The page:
Are the Games the same with no gold in sight?
There are 16,000 athletes competing in the London Summer Games in hundreds of events. Simple math confirms the vast majority of these competitors will be going home without a medal. Most of these athletes are there for the glory of participating in the Olympic Games, not for the hardware.
I was one of those athletes.
My pair partner, Bill Fauver, and I were a dark horse team back at the 1976 U.S. Nationals, which was the qualifier for the Winter Games in Innsbruck, Austria. The U.S. would only be sending two pair teams, not the top three, based on the results of the World Championships the year before. Since the United States only had one top ten finisher in the World pair event in 1975, it meant that just two teams could qualify for the Olympics.
It was just our second year competing as a team, and we were fifth at the Nationals the first time around. All the other teams stuck around for the Olympic year, so basically if everything stayed on par, we were a long shot, at best.
What happened next was a complete shock to us and the skating world. We found ourselves in second place after the short program, although there was plenty of room for the other teams to pull past us in the long program.
We skated first of the top five teams that night at the Broadmoor in Colorado Springs, Colorado. After a “clean” performance we sat back and watched as the teams chasing us made mistakes. Back in those days the scores were not calculated immediately, so after a five minute wait at the end of the event, the scoreboard lit up and we went crazy.
The names “Cook and Fauver” were there right under “Babilonia and Gardner.” We were on the Olympic team.
At the time the Soviets, (USSR) and East Germans dominated world pair skating. Tai Babilonia and Randy Gardner would have a tough enough time cracking the top five – Alice Cook and Bill Fauver would be lucky to be top ten.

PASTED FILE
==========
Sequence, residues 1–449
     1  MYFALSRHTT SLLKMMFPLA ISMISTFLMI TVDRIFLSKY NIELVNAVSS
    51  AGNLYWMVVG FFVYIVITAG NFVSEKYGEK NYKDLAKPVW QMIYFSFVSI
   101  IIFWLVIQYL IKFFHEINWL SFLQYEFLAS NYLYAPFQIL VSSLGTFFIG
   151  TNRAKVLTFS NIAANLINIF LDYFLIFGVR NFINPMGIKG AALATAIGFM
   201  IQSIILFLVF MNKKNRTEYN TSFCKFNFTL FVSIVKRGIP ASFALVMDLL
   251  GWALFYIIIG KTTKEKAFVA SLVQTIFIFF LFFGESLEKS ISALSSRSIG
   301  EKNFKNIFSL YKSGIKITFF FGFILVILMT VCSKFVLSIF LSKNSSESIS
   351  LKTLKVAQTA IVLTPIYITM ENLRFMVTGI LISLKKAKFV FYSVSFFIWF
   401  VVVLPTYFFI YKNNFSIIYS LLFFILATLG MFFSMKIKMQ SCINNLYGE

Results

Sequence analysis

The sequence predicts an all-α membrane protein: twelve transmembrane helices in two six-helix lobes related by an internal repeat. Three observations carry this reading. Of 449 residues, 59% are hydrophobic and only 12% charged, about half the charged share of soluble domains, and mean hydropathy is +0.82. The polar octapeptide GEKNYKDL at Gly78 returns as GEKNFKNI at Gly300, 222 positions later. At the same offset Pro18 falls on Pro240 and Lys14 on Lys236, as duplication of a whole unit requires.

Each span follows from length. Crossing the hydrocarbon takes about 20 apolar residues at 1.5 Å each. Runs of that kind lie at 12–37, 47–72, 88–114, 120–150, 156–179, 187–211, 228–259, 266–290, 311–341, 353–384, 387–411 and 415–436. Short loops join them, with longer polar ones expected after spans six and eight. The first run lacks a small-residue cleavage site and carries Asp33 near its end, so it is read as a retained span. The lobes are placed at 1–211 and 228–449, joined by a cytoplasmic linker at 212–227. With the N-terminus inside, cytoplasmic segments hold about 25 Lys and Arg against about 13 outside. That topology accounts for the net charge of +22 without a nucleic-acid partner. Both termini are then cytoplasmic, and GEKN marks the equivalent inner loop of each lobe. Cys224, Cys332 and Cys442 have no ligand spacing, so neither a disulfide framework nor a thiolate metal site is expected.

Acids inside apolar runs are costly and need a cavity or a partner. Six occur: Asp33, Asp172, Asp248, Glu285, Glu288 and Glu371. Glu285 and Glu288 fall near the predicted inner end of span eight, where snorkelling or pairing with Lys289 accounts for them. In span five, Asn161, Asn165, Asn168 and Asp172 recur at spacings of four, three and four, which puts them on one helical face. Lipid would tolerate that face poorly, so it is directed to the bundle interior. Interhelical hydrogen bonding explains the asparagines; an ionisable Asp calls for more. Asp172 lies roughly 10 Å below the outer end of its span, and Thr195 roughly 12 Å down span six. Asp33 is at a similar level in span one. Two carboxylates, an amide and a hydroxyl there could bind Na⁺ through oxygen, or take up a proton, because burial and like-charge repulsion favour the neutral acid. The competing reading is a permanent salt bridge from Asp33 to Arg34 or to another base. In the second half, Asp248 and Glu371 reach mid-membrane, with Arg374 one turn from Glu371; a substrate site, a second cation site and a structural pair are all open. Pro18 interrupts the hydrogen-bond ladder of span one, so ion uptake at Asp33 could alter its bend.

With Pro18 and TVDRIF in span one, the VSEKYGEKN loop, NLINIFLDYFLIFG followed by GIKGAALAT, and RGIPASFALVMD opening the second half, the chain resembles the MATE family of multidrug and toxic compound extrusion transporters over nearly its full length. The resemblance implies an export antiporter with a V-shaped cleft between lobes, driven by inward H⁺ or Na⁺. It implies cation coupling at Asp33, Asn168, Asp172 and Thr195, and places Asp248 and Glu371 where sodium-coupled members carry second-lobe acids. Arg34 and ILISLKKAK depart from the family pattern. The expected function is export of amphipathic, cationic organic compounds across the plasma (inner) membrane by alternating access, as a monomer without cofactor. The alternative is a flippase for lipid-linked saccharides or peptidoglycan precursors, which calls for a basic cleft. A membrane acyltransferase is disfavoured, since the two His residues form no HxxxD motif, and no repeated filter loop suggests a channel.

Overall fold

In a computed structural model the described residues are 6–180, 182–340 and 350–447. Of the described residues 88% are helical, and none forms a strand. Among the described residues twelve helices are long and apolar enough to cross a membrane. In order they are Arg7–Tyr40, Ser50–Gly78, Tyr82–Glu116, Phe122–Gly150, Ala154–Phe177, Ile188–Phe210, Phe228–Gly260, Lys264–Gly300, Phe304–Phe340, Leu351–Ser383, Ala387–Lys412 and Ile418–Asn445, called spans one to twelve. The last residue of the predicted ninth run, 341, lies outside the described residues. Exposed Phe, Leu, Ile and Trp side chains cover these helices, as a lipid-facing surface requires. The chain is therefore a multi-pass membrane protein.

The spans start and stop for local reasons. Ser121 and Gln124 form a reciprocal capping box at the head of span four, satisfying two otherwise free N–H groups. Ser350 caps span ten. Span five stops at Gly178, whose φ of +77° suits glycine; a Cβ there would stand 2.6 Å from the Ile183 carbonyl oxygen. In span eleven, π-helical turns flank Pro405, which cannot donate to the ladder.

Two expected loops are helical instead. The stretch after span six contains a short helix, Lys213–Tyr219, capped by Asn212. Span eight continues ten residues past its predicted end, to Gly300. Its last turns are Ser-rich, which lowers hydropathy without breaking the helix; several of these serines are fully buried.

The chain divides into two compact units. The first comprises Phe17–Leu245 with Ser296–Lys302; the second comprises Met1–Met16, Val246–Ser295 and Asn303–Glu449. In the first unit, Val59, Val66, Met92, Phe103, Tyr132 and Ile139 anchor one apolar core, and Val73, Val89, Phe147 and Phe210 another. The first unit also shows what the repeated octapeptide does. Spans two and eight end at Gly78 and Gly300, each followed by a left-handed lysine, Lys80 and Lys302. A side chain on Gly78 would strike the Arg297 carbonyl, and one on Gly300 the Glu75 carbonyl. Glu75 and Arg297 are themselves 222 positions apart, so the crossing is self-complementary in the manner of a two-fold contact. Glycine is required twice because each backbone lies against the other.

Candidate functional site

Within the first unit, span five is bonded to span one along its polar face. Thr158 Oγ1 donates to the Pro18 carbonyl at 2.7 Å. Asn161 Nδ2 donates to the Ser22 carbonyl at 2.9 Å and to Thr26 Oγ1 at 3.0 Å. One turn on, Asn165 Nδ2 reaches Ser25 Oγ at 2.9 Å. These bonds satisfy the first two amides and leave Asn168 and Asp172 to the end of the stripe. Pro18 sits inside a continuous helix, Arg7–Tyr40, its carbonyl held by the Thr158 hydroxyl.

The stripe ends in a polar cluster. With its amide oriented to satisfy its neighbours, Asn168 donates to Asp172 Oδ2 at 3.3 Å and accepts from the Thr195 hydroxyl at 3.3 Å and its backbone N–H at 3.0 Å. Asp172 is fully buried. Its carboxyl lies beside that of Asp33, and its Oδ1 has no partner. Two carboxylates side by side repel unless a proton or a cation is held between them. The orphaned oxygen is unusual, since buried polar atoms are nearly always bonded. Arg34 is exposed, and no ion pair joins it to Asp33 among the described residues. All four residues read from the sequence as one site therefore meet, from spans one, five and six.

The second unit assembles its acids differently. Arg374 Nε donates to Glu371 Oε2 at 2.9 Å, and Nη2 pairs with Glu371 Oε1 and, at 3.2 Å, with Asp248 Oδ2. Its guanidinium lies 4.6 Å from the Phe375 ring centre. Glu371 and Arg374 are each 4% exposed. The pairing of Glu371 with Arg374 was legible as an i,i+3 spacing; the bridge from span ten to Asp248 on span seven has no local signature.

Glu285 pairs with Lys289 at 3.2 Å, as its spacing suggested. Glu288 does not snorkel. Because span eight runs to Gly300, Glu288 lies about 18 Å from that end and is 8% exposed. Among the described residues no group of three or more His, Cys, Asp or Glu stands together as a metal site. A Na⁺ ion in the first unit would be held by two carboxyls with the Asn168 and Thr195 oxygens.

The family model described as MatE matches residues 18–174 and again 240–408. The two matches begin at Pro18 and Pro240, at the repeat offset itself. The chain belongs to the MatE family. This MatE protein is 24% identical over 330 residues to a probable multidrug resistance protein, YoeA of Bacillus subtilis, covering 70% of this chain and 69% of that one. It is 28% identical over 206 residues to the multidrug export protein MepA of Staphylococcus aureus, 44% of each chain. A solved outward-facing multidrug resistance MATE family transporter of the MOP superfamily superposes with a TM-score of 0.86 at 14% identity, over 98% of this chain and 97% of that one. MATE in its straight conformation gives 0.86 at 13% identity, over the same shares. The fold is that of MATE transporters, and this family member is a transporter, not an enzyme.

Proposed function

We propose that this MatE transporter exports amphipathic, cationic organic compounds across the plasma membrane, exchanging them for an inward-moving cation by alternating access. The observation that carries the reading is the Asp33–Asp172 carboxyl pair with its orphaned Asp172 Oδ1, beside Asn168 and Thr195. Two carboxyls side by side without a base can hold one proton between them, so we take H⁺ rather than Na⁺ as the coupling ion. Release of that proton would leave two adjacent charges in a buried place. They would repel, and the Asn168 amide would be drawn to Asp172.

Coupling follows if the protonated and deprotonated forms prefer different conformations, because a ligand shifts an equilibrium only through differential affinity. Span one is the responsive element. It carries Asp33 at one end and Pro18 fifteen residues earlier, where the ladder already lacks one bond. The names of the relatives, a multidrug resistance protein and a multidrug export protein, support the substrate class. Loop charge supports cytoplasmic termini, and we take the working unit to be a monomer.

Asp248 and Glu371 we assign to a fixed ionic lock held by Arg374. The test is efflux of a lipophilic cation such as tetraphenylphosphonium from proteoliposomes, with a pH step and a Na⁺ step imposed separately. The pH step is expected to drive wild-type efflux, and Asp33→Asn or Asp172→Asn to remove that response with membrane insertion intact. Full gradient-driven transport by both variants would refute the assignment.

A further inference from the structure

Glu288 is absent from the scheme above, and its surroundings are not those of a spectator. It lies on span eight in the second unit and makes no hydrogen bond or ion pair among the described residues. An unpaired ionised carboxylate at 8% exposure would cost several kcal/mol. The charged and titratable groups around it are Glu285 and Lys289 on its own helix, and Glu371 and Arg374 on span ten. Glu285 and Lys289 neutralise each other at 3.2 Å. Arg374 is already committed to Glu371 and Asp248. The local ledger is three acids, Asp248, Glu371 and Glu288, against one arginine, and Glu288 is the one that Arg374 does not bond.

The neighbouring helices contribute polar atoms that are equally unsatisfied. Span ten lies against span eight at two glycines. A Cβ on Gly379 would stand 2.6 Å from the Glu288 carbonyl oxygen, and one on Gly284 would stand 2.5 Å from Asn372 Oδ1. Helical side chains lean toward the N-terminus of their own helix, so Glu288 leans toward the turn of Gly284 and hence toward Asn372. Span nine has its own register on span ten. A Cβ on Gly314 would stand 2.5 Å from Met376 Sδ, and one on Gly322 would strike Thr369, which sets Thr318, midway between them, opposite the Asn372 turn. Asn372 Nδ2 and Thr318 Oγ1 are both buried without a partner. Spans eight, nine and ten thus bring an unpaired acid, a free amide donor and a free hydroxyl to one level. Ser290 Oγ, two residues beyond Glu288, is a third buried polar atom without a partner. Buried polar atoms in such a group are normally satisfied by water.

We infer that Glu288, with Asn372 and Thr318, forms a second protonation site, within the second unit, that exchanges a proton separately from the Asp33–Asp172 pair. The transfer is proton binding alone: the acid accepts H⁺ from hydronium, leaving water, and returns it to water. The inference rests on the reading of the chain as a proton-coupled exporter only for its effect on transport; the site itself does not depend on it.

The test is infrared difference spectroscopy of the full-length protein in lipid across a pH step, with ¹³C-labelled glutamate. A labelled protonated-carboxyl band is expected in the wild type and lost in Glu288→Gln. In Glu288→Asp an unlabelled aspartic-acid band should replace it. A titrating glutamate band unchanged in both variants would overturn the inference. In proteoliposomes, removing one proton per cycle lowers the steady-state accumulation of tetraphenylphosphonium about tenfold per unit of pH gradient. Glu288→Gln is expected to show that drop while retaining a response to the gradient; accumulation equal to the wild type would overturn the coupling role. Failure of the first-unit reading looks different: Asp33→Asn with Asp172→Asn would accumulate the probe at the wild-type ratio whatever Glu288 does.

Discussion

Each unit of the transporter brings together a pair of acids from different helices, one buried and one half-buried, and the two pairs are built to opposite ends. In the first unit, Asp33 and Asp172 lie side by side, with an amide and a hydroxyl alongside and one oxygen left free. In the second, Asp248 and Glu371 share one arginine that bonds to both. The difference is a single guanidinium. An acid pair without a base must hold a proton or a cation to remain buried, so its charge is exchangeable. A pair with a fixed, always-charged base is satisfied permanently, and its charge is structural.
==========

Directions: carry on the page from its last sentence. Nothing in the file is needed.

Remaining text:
That was okay. We were going. I happily put off that ski trip I had planned. My family, totally shocked by this amazing turn of events, had to scramble to find tickets, a hotel room, and flights – not to mention the money to pay for them.
The next three weeks were a whirlwind, visiting my hometown in Michigan and getting a key to the city, getting interviewed for the local news, and breaking in new skates.
The figure skating team met in New York City before flying to Austria. This is where the U.S. delegation distributed all our “cool stuff.” We received our uniforms, the duffle bag, the warm up suits, the cameras, the hair dryers – all with Olympic rings on them.
The pressure was off for me from the day I made the team because there were no expectations. Dorothy Hamill had to carry that weight, and she came through like the champion she was.
There are many, many athletes participating in these Games who are there for the same reasons I was, and it has nothing to do with the colors of bronze, silver, or gold.
The vast majority of athletes will never be seen on TV, never be interviewed, and never be mentioned by a commentator. Only a precious few are profiled in the “up close and personal” features.
They are there to wear the colors of their country and march proudly in the Opening Ceremonies. They are there to compete against the best in the world. They are there for the memories, and the stories they will tell their children and grandchildren.
We will see competitors who come out of nowhere and make a splash. Some will be surprised by their new-found celebrity status.
My teammate Dorothy Hamill was a favorite to win gold, and refreshingly naive about her sudden notoriety. I remember walking through the Olympic Village one day with her about a week before she competed. Someone had brought over a copy of Time Magazine which featured Dorothy on the cover. Remember, this was way before there was something called the “internet.”
Dorothy looked at the cover, and gently asked, “Is this a big deal?”
Little did she know that America’s sweetheart was about to be born.
When she finished her long program, the ice was showered with flowers for the new American skating champion. After the medal ceremony, somebody found a diamond ring attached to one of the bouquets with a marriage proposal.
Dorothy had to give the ring back. There were strict rules about amateur status back then, and accepting a piece of jewelry would have made her a professional. Believe it or not, professionals were not allowed to compete in the Olympics back in 1976.
So much has changed for these athletes, although one thing remains true. No matter where they place, every Olympic competitor is a winner.
To this day, people will ask me, “You were in the Olympics, did you win a medal?”
I say, “No, I missed the podium by 9 places, but I was there.”
And that will always be enough for me.